ESCAPE ROOMS THE LATEST CRAZE IN IMMERSIVE ENTERTAINMENT

India Kirrsin | Staff Writer

Entertainment enthusiasts all over Cincinnati are ‘trapped’ in the Escape Room mania.

Over the past few years a new branch of the entertainment industry has been growing in the Cincinnati area.

Escape Rooms have become so popular there are now four different companies in the greater Cincinnati area that offer different levels of difficulty and various storylines for those adventurous enough to attempt an escape.

The main goal of an escape room is to solve puzzles and clues that go with the storyline of the room chosen in under an hour to successfully breakout of the room.

Patrons are “locked” in the room until they can break the code to unlock the door. While the rooms are live now, the concept for escape rooms started like so many others – on the internet.

Bill Balfour, general manager for EnterTRAINment Junction and Escape the Room Challenge, said the escape room idea started in various digital games. After seeing the success of the online games, a man named Takao Kato decided to turn the virtual game into a live one, Balfour said.

“It started as online games, until a Japanese guy thought it would be fun to invite his friends over for dinner and he locked them in the room and said ‘See if you can get out,’” Balfour said. “Apparently they thought it was a blast and invited other friends over and (eventually) someone said ‘What if we actually charged people money to do it?’ and that’s how it started.”

Dan Snelling, the operations manager at Escape the Room Challenge, said he believes the popularity of escape rooms has stemmed from their ability to combine many different types of games to create a great experience for anyone who decides to challenge themselves.

“It bridges the gap between board games and video games to really create a textile experience that there is no other way to achieve,” Snelling said. “You have the thrill of video games, the challenges, the extreme situations, but there’s still the family orientation that you get from board games.”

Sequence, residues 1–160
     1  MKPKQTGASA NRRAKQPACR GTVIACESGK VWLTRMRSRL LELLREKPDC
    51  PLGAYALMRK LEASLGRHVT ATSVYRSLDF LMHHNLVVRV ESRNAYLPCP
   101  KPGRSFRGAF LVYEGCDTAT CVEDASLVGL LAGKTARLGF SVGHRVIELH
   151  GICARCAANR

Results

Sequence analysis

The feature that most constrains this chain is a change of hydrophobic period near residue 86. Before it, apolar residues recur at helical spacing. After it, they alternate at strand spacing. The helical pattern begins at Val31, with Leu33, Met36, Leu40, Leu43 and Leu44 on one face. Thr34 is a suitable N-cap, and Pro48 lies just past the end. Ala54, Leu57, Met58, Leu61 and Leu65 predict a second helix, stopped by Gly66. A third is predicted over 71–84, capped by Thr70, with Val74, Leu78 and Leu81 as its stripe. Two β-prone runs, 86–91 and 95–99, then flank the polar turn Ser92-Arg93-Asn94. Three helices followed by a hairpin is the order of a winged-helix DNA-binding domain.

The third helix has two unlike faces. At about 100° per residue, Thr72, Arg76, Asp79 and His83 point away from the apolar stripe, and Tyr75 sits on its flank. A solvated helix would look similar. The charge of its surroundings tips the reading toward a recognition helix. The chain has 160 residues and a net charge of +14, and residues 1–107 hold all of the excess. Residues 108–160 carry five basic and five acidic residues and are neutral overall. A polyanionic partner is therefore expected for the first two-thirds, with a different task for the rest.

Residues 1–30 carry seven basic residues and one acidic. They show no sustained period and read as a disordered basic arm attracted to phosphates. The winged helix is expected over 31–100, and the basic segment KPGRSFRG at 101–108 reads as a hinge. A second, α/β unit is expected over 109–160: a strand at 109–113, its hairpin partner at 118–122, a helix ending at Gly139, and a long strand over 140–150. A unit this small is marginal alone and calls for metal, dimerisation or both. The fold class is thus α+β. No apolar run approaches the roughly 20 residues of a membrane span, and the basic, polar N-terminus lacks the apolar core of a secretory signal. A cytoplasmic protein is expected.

Sophomore Bryce Allen went to Escape the Room Challenge with a group of friends and said the rooms are challenging because there isn’t a specific direction or instruction to follow once inside, so groups have to figure out what to do on their own.

“We didn’t know how to start because you don’t get any clues, but eventually you narrow it down to specific goals and you find the path you are supposed to be following,” Allen said. “I liked working as a team to figure out what to do.”

Groups inside the rooms are usually limited to a certain number of people, and can be placed together if both are small enough. This means a group of strangers could be working together to “survive.”

Junior Sydney Rose went to Escape the Room Challenge with friends, but she was also paired with another group for number purposes. Rose said this gave her group the chance to work with other people who brought different skills to the challenge.

“We had another group in there with us and I had never met any of them before,” Rose said. “We bonded through it and they helped us out and we helped them out and we all worked as a team.”

Rose also said she liked the pressure of the room because it allowed her to bond with her entire group.

“I like how we were all able to help each other out (and) even though I had never met those people before I felt like I had known them for a while,” Rose said. “You see a different side of your friends that you maybe haven’t seen before. It’s a lot of problem solving which can help you in other areas of life.”

Junior Ellie Harpen went to Breakout Cincinnati with her soccer team and said the experience was great because it helped her teammates bond and work together under pressure.

“We got to bond a lot and we worked as a team,” Harpen said. “You don’t get that close with people unless you’re trying to escape.”

Harpen also said she enjoyed the escape room because of its ability to mentally challenge participants and its overall uniqueness.

“Some of the (clues) were actually really hard, which I did enjoyed because it made me think,” Harpen said. “And I liked how it was something different to do. How often do you get to do that on a normal day?”

Allen said one of the main draws for attempting an escape room is its capability to make “prisoners” think about their actions while trying to work with others.

“I think they’ve become popular because it is an activity you can do with your friends but it makes you work with your mind,” Allen said. “It is fun and then there is also that atmosphere of chaos and that’s what people are looking for.”

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